It was Term 2 holidays, and I had signed up for a weeklong trip with Engineers Without Borders (EWB) UNSW to Central West NSW. We were headed on a road trip to deliver engineering workshops for children in remote communities who don’t have much interaction with STEM at school.

I didn’t really know anybody else on the trip, so I was essentially hitching a ride with strangers to a place I’ve never seen 467 kilometres away, and yet I didn’t feel scared at all. I knew the people I was travelling with were also there because they cared about EWB’s mission and making a positive impact. So, before I even met my fellow passionate volunteers, I felt understood, supported and part of a team. This feeling has never left me.

At every school we went to, I found myself moved by the erudition, ingenuity, interest, and respect of the kids participating in the workshops. Seeing their designs in action felt like such a gift. About six years ago, it was one of these same workshops that set me on the path of engineering, so it felt incredible to finally deliver one myself. Beyond the inspiration the children received, seeing the fun they had with their teams and designs made the 12 hours of driving worthwhile many times over.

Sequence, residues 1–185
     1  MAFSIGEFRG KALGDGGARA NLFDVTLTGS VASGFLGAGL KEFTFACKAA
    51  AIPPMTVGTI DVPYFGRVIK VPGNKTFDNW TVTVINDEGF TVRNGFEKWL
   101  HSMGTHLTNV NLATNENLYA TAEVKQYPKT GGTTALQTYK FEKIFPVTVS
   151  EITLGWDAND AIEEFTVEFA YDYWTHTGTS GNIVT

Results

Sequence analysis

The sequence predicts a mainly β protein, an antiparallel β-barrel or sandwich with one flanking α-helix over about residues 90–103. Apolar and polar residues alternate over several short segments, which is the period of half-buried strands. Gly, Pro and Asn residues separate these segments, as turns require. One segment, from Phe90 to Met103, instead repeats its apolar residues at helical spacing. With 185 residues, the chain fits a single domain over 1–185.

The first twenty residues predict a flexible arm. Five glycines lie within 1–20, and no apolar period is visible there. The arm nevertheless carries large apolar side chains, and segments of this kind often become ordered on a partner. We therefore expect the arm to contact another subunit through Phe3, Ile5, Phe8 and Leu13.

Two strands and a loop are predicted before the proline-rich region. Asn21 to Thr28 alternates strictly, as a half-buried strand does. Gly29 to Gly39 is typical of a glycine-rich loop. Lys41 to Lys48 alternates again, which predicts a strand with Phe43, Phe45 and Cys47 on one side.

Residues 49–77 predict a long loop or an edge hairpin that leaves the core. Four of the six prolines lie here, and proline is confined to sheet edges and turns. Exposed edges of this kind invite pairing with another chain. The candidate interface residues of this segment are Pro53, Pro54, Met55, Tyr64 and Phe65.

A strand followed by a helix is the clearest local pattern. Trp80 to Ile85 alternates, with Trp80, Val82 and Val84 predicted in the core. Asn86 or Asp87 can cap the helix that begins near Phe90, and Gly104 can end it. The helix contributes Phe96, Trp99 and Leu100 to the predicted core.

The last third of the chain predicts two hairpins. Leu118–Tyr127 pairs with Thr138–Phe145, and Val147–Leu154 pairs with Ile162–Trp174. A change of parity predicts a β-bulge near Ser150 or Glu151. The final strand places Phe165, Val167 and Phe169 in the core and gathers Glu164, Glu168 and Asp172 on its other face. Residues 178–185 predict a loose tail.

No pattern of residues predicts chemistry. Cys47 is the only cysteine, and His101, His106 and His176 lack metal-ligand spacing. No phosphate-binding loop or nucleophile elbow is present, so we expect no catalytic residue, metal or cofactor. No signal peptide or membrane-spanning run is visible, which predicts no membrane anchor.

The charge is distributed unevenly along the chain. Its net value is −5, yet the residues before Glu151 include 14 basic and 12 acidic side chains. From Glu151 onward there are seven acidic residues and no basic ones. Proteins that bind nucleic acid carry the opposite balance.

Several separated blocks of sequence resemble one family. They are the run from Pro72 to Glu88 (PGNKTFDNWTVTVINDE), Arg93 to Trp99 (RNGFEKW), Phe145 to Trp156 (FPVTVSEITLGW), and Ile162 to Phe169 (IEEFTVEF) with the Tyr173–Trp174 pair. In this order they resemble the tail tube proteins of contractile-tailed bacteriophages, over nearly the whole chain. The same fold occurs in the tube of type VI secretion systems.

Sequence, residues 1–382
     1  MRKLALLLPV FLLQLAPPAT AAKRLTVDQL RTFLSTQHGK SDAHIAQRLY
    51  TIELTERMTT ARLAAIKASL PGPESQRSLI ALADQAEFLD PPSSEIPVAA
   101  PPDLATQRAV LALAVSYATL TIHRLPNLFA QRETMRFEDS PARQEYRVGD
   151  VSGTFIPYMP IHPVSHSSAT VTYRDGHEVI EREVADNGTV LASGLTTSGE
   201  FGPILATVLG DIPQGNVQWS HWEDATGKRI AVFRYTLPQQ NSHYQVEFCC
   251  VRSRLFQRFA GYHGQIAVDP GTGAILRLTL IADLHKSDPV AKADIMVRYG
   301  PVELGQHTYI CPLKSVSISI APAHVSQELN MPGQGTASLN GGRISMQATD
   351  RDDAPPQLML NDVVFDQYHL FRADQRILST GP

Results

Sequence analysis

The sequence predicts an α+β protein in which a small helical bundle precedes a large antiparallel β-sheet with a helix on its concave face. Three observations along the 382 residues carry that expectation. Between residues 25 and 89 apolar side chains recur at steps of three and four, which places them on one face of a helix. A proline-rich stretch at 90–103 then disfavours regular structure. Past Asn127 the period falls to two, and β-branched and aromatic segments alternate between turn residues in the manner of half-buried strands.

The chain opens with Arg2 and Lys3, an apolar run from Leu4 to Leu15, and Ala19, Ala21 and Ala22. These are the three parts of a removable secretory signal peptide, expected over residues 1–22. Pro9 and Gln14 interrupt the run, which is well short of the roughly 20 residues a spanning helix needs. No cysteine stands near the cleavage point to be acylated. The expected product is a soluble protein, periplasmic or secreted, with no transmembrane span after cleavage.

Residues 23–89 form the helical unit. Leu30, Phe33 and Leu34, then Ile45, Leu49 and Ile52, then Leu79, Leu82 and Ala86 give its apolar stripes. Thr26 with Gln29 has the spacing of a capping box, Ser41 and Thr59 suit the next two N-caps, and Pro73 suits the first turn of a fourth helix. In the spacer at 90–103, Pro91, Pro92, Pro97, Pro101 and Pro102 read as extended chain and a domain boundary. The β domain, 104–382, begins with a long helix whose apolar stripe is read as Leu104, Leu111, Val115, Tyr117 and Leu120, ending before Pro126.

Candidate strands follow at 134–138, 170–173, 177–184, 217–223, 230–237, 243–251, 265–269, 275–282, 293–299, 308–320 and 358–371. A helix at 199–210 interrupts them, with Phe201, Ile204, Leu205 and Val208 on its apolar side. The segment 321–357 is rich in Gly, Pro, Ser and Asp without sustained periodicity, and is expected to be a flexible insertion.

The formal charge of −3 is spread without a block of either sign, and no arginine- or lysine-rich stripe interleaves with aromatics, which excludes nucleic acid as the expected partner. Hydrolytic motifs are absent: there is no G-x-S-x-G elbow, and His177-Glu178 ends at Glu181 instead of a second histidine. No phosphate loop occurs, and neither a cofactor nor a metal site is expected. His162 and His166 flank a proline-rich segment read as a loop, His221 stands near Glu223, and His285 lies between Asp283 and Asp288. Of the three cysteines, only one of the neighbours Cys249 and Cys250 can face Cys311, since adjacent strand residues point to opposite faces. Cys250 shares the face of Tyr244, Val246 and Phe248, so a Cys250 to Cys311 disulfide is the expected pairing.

My favourite part of the trip was the workshop at Wyalong Public School. The school staff were so welcoming and gave us paper bags for our lunch orders. We talked about a need for floating houses in Cambodia to accommodate the Tonlé Sap Lake level’s seasonal fluctuations. As soon as we said “Today you’re putting on your [metaphorical] engineering hardhats and making these floating houses yourselves” they immediately jumped to form groups and started throwing out ideas. Seeing and feeling the excitement and creativity in that room remains my trip highlight.

I’ll forever remember the long drive, the incredible landscape, the elation of the teams who had the most successful design, the kids’ gratitude, the friendly and fascinating locals, the spontaneous Vinnie’s trips, the cooking of rice in motel microwaves, the overly intense late-night games of mafia, the greetings, and the goodbyes. Sharing these adventures with such passionate people has been quite remarkable.